In comments a few people indicated the book is going to be biased. These are mostly long-time readers who’ve seen the posts I wrote on the results on economic growth… and don’t like them. I put up a response in comments, but I’d like to expand on that response a bit below. So here goes…

Say I told you I was co-authoring a book about Switzerland, in particular how Swiss Chancellors had performed on a wide range of issues from abortions to crime to the economy. The goal would be not just to see how these chancellors did on each of those issues, but to see if there were lessons that could be learned. Now, say, further, that:

1. the book would look at how each issue evolved over the length of each chancellor’s stay in power
2. the book would treat the growth rate of each issue the same – namely from right before each chancellor took office to right before he left office
3. the book would present all the results graphically and try to explain any patterns that arose
4. the data used would come from an unimpeachable source – official Swiss government statistics

A book that did that would be lauded as attempting to be unbiased by most people who came across it. And if it turned out that chancellors from one party or another tended to do worse than chancellors from other parties on, say, economic issues, you might conclude that perhaps something was wrong with the policies they pursued. Now say the book then considered the objections that thoughtful people might bring up (e.g., noting how results change or don’t leaving out the first year of each chancellor’s term, considering the effect of the Swiss central bank’s actions or the make-up of the various Houses of the Legislature, etc.), and found that a) the difference between the parties remained and b) there was a specific set of policies that was followed by chancellors from the party that underperformed, and the other parties always followed the opposite set of policies. Most Americans who read such a book would conclude that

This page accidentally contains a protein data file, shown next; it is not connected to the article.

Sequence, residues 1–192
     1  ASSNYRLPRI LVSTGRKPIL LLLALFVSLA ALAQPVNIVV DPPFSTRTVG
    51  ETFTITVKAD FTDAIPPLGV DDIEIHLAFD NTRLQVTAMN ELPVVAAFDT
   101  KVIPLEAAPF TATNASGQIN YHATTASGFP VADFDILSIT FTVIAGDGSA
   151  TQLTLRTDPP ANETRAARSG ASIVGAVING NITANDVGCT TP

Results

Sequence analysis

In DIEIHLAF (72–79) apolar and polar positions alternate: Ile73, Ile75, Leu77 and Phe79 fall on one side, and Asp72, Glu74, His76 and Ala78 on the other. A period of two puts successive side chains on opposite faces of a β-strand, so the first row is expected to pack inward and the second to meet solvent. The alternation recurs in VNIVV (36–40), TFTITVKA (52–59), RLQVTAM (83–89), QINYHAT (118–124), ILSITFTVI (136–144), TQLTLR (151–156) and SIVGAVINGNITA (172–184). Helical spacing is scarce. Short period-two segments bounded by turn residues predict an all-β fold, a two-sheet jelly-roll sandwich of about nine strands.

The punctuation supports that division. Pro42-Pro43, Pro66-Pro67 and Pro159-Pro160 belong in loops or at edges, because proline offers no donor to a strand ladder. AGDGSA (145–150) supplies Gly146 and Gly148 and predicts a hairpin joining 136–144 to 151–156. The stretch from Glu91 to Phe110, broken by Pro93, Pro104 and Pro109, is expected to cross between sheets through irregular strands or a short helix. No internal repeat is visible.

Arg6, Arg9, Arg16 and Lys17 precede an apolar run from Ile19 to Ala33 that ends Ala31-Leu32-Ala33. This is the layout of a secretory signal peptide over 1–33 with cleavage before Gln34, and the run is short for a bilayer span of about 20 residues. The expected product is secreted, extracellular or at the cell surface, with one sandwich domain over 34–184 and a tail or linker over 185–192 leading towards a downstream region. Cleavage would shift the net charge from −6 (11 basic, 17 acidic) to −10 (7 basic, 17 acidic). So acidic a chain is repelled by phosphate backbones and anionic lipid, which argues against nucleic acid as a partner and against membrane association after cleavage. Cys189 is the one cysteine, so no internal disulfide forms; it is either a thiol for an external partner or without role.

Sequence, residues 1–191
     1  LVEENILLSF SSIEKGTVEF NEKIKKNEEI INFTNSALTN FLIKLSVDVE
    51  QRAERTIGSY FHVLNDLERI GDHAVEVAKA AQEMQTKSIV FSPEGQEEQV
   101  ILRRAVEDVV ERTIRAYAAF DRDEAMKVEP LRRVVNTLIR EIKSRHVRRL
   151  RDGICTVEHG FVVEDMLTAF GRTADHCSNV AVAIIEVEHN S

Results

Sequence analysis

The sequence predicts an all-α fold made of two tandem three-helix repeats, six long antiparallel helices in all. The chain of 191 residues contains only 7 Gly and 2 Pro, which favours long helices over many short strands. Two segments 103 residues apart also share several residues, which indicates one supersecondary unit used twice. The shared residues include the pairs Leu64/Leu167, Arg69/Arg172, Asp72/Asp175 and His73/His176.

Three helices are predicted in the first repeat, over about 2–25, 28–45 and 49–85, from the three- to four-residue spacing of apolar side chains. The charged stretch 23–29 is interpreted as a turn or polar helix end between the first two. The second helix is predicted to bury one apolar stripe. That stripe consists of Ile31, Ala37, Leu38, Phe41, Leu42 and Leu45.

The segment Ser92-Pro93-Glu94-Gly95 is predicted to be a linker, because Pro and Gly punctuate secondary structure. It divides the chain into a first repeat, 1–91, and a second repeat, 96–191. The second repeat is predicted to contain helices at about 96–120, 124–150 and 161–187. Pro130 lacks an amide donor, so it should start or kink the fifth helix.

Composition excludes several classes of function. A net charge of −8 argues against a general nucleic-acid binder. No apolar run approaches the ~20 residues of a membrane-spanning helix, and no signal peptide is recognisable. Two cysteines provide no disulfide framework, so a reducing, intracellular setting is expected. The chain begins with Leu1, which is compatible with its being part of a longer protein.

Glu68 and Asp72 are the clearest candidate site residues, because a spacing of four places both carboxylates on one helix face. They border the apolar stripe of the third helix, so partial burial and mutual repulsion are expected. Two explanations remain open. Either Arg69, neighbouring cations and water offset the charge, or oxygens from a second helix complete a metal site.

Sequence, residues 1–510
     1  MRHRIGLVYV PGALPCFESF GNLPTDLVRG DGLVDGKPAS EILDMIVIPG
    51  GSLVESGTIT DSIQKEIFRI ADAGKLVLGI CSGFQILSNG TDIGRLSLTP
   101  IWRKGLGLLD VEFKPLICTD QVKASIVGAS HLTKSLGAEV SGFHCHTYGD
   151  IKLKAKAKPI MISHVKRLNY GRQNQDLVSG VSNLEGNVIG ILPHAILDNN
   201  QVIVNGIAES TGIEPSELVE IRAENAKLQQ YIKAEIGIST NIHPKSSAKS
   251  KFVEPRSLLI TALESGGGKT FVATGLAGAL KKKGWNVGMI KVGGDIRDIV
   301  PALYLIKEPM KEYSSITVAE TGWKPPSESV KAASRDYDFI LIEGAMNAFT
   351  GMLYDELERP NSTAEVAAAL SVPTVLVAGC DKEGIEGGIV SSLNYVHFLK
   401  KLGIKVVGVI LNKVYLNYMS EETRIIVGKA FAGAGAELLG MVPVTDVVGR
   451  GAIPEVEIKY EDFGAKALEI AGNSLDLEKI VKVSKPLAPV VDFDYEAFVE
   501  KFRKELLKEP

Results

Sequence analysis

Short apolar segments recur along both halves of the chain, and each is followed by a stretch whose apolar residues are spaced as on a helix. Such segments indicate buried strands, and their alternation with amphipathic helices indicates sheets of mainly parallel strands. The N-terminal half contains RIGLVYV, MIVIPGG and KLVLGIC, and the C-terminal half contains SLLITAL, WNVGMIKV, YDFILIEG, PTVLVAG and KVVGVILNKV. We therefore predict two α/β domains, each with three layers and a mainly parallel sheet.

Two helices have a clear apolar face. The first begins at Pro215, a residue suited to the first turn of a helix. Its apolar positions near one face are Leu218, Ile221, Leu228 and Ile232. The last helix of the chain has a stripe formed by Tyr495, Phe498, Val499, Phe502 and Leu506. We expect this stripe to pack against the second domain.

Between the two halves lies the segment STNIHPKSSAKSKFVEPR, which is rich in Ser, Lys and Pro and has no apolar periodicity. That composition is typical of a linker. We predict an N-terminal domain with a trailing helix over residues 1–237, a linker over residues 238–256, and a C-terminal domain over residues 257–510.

a. the authors had specifically sought out the approach to writing the book that was least likely to impose their biases on the outcomes
b. the policies followed by the economic underperformers should, at a minimum, be handled with care, if not avoided altogether in Switzerland

The only Americans who would conclude that the book was not written in a way as to be unpartisan as possible would be folks who either had some prior biases about Switzerland and its politics, or found some sort of analogy between the not-very-successful policies in Switzerland and policies they happen to like here in the US.

Furthermore, they would have to be the sort of people who would not abandon their prior beliefs just because it was contradicted by data. Put another way – there is no way to satisfy those who are truly partisan except by also being partisan.
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by cactus